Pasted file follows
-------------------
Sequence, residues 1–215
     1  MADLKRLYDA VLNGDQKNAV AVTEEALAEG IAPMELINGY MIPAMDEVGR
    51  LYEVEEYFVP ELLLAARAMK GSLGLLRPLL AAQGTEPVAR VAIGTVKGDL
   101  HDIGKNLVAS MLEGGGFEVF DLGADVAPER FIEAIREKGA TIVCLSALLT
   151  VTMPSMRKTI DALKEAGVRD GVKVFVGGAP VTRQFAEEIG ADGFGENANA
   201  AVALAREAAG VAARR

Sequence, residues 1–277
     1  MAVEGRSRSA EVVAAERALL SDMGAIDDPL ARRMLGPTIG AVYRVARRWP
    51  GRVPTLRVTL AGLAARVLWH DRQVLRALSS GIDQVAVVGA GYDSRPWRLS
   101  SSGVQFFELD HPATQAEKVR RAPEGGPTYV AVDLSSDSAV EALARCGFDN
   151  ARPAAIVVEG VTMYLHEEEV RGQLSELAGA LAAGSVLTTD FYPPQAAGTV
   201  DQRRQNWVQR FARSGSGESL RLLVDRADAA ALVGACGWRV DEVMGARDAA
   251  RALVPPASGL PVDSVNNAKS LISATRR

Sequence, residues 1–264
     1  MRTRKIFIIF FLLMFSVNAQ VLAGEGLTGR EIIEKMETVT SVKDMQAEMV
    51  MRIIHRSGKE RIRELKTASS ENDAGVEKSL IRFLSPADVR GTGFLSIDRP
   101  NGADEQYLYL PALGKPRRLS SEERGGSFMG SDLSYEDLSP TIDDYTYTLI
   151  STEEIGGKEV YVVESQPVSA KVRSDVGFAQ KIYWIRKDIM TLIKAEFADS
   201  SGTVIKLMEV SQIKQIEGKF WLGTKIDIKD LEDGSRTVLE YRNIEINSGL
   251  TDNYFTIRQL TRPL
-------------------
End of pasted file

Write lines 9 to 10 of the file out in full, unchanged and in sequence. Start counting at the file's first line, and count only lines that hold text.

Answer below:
    51  GRVPTLRVTL AGLAARVLWH DRQVLRALSS GIDQVAVVGA GYDSRPWRLS
   101  SSGVQFFELD HPATQAEKVR RAPEGGPTYV AVDLSSDSAV EALARCGFDN